Or was it karma?


Yesterday morning, I opened my web browser to read about Sharon Stone suggesting that the Sichuan earthquake was China reaping its own karma (see article or video).

She has since apologized, and I don’t think she meant any harm. And I don’t think there was anything particularly unique about what she said. After all, Buddhists have been talking about this on the blogosphere since Cyclone Nargis.

Was it all just bad karma?

There was mention of the Dalai Lama blaming current Tibetan suffering on past Tibetan feudalism. But what about Cyclone Nargis? Payback for Ayutthaya? And now the earthquake… Much of the talk has centered on the fact that the people most hurt by these natural disasters are generally poor and innocent civilians. But I’m not going to get into that discussion. There is a brighter side.

While many Buddhists, like Stone, have mused about this question, many have also gone to great lengths to see exactly what is said about cyclones and earthquakes. Hence the five niyamas. Maybe karma isn’t exactly what we think it is (see Thanissaro Bhikku’s notes).

This morning I was surprised to find mention of this in a BBC article. I found the article fair and well balanced. Who would ever have thought that an international Western news organization would care to do so much research? I guess my news standards must have dropped below what they used to be.

Here are four of the five niyamas in the BBC’s words:

  1. inorganic or environmental factors, such as the weather
  2. organic or biological factors, like bacteria or viruses
  3. psychological factors such as stress
  4. and transcendental or spiritual factors (such as the sometimes powerful galvanizing effect of spiritual practice)

The provocative musing about someone’s “just desserts” is not the end of the story. Dig deeper and the way things work turn out to be more complex.

5 Replies to “Or was it karma?”

  1. Natural cosmic and geological disasters has been happening since the ‘big bang’ billions of years ago and is still happening to day in the form of earthquakes, cyclones, floods, droughts etc. And it will happen anytime tommorrow, anywhere. This is not a question of who, when, what, why. It just is. I do not claim to understand it myself.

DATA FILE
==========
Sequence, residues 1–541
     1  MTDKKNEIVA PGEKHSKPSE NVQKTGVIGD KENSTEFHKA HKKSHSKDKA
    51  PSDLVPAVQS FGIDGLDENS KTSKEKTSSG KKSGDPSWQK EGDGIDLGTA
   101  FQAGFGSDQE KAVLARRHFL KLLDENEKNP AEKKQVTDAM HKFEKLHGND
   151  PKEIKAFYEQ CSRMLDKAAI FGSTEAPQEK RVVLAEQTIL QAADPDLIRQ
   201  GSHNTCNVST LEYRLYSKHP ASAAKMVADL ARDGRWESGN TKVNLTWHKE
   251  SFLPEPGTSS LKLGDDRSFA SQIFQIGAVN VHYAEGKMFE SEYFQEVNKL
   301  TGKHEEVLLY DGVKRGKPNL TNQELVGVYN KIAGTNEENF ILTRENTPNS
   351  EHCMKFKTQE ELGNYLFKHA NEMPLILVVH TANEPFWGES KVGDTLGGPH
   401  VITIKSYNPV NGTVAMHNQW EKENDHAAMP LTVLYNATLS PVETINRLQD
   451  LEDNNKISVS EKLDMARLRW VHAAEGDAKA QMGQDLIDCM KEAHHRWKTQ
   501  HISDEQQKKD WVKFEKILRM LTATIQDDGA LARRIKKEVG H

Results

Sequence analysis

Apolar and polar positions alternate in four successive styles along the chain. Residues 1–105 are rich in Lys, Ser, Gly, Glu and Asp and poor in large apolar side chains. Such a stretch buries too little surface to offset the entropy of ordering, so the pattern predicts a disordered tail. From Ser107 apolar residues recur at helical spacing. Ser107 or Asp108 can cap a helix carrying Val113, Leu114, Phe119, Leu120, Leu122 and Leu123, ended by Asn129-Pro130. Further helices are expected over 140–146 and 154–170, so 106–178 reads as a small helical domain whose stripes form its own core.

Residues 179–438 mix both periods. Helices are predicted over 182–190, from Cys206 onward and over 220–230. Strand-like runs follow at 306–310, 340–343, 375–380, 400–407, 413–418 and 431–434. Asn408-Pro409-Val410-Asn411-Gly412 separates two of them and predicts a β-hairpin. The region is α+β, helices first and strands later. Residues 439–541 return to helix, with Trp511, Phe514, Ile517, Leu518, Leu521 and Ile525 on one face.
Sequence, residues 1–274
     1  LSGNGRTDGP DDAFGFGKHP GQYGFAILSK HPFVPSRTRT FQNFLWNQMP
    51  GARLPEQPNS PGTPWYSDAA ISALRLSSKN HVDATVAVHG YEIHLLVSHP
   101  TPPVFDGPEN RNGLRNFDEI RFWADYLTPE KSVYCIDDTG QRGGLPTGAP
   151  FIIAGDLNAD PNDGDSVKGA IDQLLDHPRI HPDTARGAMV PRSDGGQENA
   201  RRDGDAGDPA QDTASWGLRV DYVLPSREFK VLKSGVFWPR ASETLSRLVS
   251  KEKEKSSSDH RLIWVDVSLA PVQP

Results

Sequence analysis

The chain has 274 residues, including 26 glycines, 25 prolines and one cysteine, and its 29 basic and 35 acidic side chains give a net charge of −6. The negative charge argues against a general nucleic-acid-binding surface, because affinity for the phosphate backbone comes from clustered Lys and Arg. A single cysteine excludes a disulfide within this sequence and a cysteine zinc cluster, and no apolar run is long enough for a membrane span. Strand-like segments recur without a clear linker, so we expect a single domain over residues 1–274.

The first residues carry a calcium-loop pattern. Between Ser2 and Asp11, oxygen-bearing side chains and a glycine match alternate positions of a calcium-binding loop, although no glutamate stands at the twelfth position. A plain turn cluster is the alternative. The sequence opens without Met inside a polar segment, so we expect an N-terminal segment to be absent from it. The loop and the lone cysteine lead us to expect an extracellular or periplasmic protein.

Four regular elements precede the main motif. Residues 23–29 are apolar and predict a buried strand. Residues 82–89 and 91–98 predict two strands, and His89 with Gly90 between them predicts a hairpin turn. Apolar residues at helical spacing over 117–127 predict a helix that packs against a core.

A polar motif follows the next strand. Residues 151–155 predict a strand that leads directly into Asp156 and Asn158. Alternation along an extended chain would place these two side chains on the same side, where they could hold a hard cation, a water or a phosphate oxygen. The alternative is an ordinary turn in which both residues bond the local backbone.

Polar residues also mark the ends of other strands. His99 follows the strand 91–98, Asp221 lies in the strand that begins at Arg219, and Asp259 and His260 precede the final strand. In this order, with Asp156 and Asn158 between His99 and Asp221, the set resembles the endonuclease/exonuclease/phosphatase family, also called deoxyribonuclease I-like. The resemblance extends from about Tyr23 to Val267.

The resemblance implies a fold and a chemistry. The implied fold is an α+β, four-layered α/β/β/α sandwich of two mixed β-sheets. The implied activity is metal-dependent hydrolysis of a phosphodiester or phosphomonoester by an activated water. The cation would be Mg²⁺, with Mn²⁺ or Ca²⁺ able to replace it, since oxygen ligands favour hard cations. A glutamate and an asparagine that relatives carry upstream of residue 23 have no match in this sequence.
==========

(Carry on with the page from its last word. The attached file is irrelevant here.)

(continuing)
As to the payback for Ayutthaya? My blog ‘Warring Neighbours’ with my photograph of a decapitated and mutilated stone statue of the Buddha, is not about revenge of any sort, but rather, a meditation on our human condition, of our brothers and sisters, our unending need for war and peace.

    Read more http://www.vicchin.wordpress.com

  2. I’ve watched the controversy unfold following Sharon Stone’s remarks. Putting the karma question aside, it’s a reminder to exercise mindfulness at all times, especially when your very utterance has the possibility of spreading to the four corners of the Earth because of your celebrity.

  3. The concept of karma was not introduced by the Buddha. Karma was an old Indian term used long before the Buddha. The heart of the Buddha’s teaching is the law of dependent origination. Buddhists just borrow the simple concept of karma to simplify the explanation of the profound doctrine of pratītyasamutpāda. Of course when the whole thing becomes oversimplified, it is easily misunderstood by novices.
    The teaching of Buddha is essentially about self-cultivation. The doctrine of dependent origination (or karma) is best learned to facilitate self-cultivation.
    With the proper internalization of the doctrine of karma, we would be able to see things as they are, and thus ready to renounce attachment and clinging. Conversely, if the doctrine of karma is witlessly utilized for the sole purpose of finger-pointing and fault-finding, bad karmic action is performed and its bitter fruit would have to be reaped sooner or later.
    Obviously, the Stone karma is a good example of the misuse of karmic misunderstanding.

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